The social deals site LivingSocial was just hacked to the tune of 50 million compromised accounts. If you’ve ever signed up for LivingSocial, your name, email, date of birth, and password are at risk (luckily, the databases containing credit card and financial info weren’t affected).
LivingSocial is yet another example of a giant data breach affecting millions of people’s personal information. There have been dozens of major data breaches so far in 2013, including Evernote, Zendesk, Twitter, The Wall Street Journal, and The New York Times. No company can claim that your information is 100% safe. Data breaches are the rule, not the exception, and you can bet on there being more of them in the future.
It’s tough for consumers in this big data world: everywhere you go, companies are collecting your data, selling it, and–as current trends show–losing it by the millions through data breaches and hacks. It doesn’t just put your identity and your finances at risk, but it’s inconvenient and stressful to have to continually change your login info any time it’s hacked.
Below are 5 tips to help protect your information before or after a data breach. And wouldn’t it be great if there was a privacy tool that did most of these tips for you? Well–wink, wink–one is coming soon. Click here to sign up to be notified when it’s ready.
1. Change your information on the compromised account
It seems obvious, but if you only do one thing, this should be it. Was your password compromised? Make a new one. Was your credit card stolen? Cancel it. Don’t risk your identity being stolen.
2. Don’t use your real birthday online
Treat yourself to a second birthday that you use when required to give your age during account signups. Make sure you remember it, because you may need to provide it to authenticate your account (for example, if you ever forget your password in the future). With this fake birthday, you’ll be able to use websites and services while protecting your real date of birth in case hackers get it. That’ll make them less likely to be able to access more important accounts, like your online banking and credit cards.
3. Make your new password strong
Password strength is combination of length, content, and change frequency. In general, longer passwords with a wider variety of capitalization, letters, numbers, and symbols are the most secure, and the more often you change them, the better. The harder it is for others to guess, the safer it is. A few examples of notoriously common (and therefore bad) passwords:
- your first or last name
3. Use this simple tip to create strong, unique passwords you can always remember
Here’s a pro-tip for remembering all your login information. You’ll create a strong base password that you know you’ll remember, then apply a rule to it that will make slight variations of that password for each site where you register. The result: a unique password for all your accounts. Here’s how it works:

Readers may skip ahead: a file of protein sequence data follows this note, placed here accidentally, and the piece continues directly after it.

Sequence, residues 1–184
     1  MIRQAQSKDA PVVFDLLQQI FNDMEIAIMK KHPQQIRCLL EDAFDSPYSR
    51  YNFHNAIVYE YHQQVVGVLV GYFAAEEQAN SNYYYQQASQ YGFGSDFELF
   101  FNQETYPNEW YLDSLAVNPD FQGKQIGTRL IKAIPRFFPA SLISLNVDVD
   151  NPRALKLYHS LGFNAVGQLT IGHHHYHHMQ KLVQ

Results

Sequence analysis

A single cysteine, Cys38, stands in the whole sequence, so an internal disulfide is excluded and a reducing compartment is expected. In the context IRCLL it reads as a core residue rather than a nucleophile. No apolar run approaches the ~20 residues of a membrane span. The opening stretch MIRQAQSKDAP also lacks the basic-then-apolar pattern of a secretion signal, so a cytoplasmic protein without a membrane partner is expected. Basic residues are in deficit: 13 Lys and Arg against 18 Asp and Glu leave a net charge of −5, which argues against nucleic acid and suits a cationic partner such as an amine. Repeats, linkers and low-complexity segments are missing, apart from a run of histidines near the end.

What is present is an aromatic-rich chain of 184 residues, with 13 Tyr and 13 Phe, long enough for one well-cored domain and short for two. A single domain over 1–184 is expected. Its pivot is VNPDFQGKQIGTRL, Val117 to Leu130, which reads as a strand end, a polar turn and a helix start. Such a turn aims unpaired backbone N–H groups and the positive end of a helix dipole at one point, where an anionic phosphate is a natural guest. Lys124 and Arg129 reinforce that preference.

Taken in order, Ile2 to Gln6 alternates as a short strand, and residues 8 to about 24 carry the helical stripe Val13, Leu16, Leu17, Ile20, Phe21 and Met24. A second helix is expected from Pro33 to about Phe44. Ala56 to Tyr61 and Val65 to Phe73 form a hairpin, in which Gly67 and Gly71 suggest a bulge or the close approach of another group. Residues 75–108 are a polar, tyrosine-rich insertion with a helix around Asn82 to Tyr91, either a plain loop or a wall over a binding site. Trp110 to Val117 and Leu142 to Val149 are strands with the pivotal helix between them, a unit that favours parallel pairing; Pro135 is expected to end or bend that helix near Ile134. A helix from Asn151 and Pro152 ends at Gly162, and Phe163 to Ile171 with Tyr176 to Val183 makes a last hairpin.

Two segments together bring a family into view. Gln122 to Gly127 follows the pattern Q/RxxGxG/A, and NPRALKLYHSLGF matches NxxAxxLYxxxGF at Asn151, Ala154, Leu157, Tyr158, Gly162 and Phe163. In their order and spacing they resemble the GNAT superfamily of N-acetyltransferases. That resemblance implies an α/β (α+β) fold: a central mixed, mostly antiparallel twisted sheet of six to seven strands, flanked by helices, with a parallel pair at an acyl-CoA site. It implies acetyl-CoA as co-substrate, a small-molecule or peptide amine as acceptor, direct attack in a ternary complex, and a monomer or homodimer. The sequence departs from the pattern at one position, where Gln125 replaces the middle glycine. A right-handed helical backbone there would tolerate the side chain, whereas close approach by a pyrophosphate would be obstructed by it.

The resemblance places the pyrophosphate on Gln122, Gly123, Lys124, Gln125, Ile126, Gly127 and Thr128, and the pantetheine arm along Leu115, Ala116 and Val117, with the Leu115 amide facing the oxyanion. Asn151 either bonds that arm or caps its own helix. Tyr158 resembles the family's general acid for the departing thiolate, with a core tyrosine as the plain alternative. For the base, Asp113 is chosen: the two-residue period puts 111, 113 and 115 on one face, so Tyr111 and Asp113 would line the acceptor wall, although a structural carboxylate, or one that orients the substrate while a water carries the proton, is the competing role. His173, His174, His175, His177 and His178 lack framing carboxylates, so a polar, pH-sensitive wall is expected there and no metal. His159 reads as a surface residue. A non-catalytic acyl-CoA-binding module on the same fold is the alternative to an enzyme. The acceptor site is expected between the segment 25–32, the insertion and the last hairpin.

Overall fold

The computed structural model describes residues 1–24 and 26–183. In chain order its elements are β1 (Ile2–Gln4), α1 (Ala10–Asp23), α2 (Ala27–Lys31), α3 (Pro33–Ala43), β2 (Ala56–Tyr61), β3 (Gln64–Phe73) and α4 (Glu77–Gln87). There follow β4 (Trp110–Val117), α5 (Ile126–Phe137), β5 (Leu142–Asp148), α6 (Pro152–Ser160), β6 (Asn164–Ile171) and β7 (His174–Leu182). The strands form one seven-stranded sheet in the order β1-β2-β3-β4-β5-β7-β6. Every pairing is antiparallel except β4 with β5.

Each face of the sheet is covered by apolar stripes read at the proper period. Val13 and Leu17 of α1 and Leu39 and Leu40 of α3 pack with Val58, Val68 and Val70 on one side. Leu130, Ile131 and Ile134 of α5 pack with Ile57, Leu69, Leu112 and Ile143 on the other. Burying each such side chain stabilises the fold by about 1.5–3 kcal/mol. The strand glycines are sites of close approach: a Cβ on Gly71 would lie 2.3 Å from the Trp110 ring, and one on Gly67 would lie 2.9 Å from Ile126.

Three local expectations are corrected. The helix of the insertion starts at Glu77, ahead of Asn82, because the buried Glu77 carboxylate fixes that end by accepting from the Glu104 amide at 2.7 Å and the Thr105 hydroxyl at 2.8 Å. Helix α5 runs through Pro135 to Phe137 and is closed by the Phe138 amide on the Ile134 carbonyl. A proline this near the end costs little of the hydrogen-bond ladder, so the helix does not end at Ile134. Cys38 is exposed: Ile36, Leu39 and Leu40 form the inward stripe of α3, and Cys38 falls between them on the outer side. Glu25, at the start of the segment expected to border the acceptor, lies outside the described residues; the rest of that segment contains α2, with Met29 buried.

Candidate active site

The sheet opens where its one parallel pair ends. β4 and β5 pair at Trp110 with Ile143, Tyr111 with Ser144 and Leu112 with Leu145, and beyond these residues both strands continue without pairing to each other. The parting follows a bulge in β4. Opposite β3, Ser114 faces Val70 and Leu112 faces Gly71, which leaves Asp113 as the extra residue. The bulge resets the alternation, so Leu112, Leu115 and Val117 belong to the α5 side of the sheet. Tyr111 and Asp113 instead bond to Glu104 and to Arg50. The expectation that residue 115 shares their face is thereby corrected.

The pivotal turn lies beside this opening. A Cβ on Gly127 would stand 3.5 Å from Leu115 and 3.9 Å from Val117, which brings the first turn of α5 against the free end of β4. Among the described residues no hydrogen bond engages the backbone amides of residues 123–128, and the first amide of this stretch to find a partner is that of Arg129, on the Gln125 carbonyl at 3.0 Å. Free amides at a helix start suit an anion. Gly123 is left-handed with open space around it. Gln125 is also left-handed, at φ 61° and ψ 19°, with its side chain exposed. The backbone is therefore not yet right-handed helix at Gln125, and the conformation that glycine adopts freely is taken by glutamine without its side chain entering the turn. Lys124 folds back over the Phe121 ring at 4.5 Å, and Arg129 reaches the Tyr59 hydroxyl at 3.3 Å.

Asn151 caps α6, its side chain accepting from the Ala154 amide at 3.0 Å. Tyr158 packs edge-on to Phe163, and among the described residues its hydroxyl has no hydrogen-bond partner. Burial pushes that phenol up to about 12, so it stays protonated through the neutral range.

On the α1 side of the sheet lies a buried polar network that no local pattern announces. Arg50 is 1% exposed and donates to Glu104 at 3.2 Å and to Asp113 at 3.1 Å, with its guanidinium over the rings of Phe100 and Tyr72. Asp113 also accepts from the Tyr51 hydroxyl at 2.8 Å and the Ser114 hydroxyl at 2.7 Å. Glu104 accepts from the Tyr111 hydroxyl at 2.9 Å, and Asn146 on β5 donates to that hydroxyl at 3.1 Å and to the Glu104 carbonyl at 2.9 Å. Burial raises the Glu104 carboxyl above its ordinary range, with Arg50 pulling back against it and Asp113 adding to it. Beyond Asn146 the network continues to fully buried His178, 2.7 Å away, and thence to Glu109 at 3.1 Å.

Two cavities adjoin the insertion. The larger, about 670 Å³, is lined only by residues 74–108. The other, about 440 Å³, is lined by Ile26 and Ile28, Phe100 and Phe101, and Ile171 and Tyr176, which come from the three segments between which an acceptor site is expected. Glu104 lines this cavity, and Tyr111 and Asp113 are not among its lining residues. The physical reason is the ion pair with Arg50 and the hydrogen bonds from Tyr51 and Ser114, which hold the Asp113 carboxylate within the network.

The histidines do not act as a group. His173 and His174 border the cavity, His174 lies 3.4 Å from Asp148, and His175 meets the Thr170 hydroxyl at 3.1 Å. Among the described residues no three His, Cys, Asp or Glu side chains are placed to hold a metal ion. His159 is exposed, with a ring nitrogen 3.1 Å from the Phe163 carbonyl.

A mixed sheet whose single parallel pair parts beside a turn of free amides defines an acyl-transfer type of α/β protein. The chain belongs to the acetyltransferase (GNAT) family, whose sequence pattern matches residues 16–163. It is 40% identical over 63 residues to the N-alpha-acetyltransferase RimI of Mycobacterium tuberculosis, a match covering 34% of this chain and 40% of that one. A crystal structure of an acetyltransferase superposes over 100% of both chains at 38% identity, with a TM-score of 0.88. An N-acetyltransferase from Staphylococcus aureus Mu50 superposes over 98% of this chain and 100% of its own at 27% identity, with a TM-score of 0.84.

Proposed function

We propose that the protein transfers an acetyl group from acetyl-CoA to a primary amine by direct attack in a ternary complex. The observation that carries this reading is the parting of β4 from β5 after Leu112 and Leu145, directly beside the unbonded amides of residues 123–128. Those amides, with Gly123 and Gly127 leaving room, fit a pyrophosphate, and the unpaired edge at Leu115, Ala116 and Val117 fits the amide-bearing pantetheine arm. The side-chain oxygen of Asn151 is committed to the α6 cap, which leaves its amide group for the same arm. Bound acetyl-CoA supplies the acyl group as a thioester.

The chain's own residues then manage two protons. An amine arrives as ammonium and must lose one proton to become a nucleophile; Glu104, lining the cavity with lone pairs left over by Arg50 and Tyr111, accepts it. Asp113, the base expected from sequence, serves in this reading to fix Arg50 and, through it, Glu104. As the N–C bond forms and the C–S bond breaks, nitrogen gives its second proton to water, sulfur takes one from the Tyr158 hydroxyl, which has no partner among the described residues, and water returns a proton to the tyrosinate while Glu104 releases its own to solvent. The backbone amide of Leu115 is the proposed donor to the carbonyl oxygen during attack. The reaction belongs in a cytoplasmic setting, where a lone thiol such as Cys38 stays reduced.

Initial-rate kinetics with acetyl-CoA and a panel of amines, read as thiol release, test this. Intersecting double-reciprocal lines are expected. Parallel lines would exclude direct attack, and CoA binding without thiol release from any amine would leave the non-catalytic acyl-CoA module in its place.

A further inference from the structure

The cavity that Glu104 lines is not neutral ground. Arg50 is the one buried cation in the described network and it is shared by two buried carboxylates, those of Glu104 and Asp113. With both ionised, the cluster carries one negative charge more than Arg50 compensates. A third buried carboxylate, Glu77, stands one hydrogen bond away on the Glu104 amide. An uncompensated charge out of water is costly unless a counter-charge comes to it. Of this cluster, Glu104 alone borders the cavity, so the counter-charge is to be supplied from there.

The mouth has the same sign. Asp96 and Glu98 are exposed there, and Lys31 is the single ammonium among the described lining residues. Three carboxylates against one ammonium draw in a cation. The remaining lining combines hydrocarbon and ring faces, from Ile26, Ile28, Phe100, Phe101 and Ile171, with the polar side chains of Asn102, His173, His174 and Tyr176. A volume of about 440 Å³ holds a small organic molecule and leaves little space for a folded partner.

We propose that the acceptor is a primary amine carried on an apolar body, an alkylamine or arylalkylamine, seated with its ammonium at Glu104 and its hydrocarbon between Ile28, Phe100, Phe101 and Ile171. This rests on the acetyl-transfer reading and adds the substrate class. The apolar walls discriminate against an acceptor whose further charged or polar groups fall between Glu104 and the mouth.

Let’s say your base password is AbinePrivacyRocks!@#! You’ll then make a rule that you’ll apply consistently whenever you make a password. One example of a rule: you’ll take the first letter of the site name and add it to the end of your base password. If you’re signing up for Facebook, for example, you’d add the “F” from Facebook and end up with AbinePrivacyRocks!@#!F.
As long as you remember your base password and the fact that you add the new letter at the end, you’ll be able to remember all your passwords on every site you use. Just be sure to never tell anyone either your base password or your rule.
4. If you’ve reused your compromised login on other sites, change it
A 2003 survey found that 65% of us use the same password for different applications or services. We’re only human; we can’t keep hundreds of different username and password combinations in our heads at all times. But in our effort to try to keep things simple, we expose ourselves to a great deal of risk. Think about it: a spammer who discovers your password on, say, Facebook, can then access all the other sites where you use it: PayPal, your online banking site, your phone service, your email, and everywhere else.
We recommend using your password creation rule, described above, to make new passwords on all your accounts. Start with the most important ones (like email, online banking, shopping, and social networks), and move on from there.
Were you a LivingSocial user, or has your info been hacked on another site? Are you losing faith in companies’ abilities to keep your information safe? Let us know in the comments below.
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